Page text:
Generator alternatives are used to combine different, more primitive generators into alternatives. All generators in an alternative are invoked from left to right until one of them succeeds.
// forwards to <boost/spirit/home/karma/operator/alternative.hpp> #include <boost/spirit/include/karma_alternative.hpp>
Also, see Include Structure.
Semantics of an expression is defined only where it differs from, or
is not defined in
Alternatives intercept and buffer the output of the currently executed element. This allows to avoid partial outputs from failing elements as the buffered content will be forwarded to the actual output only after an element succeeded.
a: A, b: B --> (a | b): variant<A, B> a: A, b: Unused --> (a | b): A a: Unused, b: B --> (a | b): B a: Unused, b: Unused --> (a | b): Unused a: A, b: A --> (a | b): A
The table above uses
The attribute handling of Alternatives is special as their behavior is not completely defined at compile time. First of all the selected alternative element depends on the actual type of the attribute supplied to the alternative generator (i.e. what is stored in the variant). The attribute type supplied at runtime narrows the set of considered alternatives to those being compatible attribute wise. The remaining alternatives are tried sequentially until the first of them succeeds. See below for an example of this behavior.
The overall complexity of the alternative generator is defined by the sum of the complexities of its elements. The complexity of the alternative itself is O(N), where N is the number of elements in the alternative.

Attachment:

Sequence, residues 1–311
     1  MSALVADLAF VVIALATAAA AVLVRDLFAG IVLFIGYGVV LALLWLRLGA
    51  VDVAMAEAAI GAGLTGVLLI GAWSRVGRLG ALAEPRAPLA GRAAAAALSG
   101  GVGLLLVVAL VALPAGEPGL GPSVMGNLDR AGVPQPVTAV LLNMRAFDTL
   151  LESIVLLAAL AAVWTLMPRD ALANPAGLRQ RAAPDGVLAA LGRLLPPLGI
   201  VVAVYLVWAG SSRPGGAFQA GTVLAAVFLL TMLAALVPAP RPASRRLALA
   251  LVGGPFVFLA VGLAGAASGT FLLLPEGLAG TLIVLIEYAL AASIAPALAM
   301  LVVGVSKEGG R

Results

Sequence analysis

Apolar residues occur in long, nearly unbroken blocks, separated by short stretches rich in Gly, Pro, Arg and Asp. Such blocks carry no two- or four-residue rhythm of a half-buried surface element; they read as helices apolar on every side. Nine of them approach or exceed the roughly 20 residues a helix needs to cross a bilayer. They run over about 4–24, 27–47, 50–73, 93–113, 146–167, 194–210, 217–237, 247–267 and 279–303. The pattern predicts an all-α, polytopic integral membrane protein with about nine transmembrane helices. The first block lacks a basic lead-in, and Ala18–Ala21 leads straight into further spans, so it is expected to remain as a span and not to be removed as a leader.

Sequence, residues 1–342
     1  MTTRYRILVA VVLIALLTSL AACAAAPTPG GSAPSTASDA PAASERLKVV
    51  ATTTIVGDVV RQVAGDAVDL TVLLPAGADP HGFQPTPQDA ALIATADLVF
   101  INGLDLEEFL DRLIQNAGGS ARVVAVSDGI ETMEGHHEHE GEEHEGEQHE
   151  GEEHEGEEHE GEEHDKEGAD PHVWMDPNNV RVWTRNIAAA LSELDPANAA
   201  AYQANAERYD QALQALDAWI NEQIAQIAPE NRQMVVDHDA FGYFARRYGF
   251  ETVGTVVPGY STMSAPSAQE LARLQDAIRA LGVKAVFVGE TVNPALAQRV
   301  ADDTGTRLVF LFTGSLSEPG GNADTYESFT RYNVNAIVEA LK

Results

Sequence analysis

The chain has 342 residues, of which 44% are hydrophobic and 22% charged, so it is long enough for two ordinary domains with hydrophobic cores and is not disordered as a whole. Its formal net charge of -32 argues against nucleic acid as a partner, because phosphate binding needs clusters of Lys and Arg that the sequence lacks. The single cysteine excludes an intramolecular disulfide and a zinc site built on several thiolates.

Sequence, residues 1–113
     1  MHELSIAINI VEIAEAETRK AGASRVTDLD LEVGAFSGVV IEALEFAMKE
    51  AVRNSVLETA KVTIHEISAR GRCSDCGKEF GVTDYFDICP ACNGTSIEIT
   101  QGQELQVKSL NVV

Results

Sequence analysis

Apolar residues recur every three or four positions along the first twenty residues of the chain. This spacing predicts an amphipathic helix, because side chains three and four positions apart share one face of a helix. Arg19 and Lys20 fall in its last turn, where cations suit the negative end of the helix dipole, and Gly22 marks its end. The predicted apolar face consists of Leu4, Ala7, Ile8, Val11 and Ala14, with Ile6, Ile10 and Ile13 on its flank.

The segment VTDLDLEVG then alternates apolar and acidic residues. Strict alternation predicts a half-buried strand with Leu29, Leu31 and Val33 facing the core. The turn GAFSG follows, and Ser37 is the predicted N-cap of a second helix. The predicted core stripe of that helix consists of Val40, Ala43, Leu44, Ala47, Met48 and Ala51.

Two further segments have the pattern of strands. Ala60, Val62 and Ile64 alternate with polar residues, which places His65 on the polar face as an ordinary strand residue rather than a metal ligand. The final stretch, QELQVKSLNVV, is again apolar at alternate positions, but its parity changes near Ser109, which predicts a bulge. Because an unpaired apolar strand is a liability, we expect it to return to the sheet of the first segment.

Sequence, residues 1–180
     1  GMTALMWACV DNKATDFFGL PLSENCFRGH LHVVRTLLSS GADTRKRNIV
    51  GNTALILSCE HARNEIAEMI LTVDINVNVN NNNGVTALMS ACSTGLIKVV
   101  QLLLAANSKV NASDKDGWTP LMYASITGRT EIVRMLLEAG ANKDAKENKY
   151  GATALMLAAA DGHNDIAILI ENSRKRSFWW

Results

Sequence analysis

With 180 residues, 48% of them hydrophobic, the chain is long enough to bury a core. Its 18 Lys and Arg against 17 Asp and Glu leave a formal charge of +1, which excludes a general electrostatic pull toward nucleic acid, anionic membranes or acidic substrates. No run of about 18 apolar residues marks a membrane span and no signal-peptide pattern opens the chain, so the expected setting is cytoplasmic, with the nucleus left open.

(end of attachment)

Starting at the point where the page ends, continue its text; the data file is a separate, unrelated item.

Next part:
The test harness for the example(s) below is presented in the Basics Examples section.
#include <boost/spirit/include/karma.hpp> #include <boost/spirit/include/phoenix_core.hpp> #include <boost/spirit/include/phoenix_operator.hpp> #include <boost/fusion/include/std_pair.hpp> #include <iostream> #include <string>
Some using declarations:
using boost::spirit::karma::double_; using boost::spirit::karma::ascii::string;
Basic usage of an alternative. While being only the second alternative,
is chosen for output formatting because the supplied attribute type is
not compatible (i.e. not convertible) to the attribute type of the
boost::variant<std::string, double> v1(1.0); test_generator_attr("1.0", string | double_, v1); test_generator_attr("2.0", string | double_, 2.0);
The same formatting rules may be used to output a string. This time we
supply the string
resulting in the first alternative to be chosen for the generated output.
boost::variant<std::string, double> v2("example"); test_generator_attr("example", string | double_, v2); test_generator_attr("example", string | double_, "example");